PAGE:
US terminates Iran sanctions waivers: Update 2
Washington -- President Donald Trump will not renew waivers from US sanctions for the remaining buyers of Iranian oil, the White House said today.
The administration in November issued six-month exemptions from US sanctions to enable China, Greece, India, Italy, Japan, South Korea, Taiwan and Turkey to continue buying Iranian oil. But it has decided not to renew them after 2 May 'to bring Iran's oil exports to zero, denying the regime its principal source of revenue.'
Riyadh and Abu Dhabi already are negotiating directly with Iran's remaining customers to make up the shortfall in supply, secretary of state Mike Pompeo said today.
Saudi Arabia and the UAE have assured Washington they will make up the gap left by eliminating exports from Iran, Pompeo said. 'I have had conversations, the president has had conversation (with Saudi and UAE leaders) and they have committed to ensuring enough supply in the market.'
Saudi Arabia is closely monitoring developments in the oil markets and in coming weeks 'will consult with other oil producing countries and the main oil consuming countries to maintain market balance and its stability,' Saudi oil minister Khalid al-Falih said, according to the official Saudi Press Agency.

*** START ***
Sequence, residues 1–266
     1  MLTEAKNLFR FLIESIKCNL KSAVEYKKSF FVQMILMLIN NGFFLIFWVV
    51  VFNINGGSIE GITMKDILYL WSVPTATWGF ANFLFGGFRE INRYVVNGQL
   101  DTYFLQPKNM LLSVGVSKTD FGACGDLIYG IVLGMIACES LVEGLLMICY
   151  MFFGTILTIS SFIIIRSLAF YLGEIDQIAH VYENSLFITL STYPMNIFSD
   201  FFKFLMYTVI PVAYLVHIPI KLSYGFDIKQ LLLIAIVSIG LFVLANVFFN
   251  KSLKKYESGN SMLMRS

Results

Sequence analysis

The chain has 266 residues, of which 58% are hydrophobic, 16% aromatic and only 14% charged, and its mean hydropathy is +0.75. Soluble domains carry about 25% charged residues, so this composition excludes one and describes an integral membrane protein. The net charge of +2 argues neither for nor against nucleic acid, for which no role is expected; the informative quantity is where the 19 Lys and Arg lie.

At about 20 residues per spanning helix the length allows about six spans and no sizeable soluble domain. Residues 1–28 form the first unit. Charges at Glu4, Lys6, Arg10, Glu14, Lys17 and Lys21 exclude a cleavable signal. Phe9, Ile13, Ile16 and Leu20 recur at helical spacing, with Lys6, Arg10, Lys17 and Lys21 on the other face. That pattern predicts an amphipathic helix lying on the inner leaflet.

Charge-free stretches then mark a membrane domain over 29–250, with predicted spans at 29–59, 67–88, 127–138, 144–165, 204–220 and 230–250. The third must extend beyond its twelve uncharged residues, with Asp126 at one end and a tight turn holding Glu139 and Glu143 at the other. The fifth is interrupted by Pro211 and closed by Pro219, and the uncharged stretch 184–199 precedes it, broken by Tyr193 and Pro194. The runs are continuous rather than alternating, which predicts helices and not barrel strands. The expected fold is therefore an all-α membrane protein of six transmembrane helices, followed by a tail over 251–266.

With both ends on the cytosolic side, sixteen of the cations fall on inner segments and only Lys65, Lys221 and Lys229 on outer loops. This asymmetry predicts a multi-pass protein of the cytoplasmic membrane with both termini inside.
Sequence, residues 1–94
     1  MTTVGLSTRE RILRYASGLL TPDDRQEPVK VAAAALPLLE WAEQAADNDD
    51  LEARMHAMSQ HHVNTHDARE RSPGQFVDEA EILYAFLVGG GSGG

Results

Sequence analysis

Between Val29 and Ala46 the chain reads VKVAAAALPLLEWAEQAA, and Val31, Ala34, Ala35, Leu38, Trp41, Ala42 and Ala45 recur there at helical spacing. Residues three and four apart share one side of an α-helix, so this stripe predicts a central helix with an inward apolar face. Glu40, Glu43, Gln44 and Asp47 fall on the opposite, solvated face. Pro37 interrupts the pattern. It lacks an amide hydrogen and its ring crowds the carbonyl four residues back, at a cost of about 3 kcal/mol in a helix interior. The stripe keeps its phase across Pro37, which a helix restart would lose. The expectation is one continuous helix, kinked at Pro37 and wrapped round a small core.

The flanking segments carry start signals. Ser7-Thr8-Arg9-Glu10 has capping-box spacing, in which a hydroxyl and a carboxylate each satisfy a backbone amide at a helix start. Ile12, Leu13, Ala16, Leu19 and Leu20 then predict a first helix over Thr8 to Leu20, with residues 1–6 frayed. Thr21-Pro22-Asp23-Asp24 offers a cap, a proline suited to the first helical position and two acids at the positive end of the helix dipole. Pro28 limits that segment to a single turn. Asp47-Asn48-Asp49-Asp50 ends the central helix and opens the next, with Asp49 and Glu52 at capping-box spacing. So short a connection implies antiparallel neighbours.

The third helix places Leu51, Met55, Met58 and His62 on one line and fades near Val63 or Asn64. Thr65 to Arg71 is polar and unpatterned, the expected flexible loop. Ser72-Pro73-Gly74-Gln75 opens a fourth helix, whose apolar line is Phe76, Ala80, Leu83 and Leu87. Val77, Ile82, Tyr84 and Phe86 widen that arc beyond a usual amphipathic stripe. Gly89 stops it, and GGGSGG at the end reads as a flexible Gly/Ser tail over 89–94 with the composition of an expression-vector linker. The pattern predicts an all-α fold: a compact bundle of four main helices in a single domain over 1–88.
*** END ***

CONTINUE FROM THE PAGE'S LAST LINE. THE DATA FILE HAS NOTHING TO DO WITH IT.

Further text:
While Italy, Greece and Taiwan already have stopped imports from Iran, Asia-Pacific crude importers would face a scramble to replace more than 1mn b/d of Iranian imports to comply with the US decision to end sanctions waivers.
Pompeo contends the decision to end the Iran waivers will not affect the stability of global oil markets. 'The oil market remains well supplied,' he said.
But the decision will put an additional strain on the global supply at a time when the US is separately enforcing sanctions on Venezuelan oil exports.
Pompeo cited US Energy Information Administration data to make the case that the oil market is well supplied. But the agency in its most recent assessment of the effects of sanctions on Iran suggested the opposite would be true if that Opec country were to be cut off from the market.
Ice Brent crude futures already had risen to their highest since October in anticipation of the US announcement. But the US dismissed the rise as unconnected with its policy decision. 'It is hard to conflate our announcement' and other factors that affect oil markets, assistant secretary of state Frank Fannon said. He noted the global oil inventories are at five-year average levels, which he said gave the US confidence about its decision.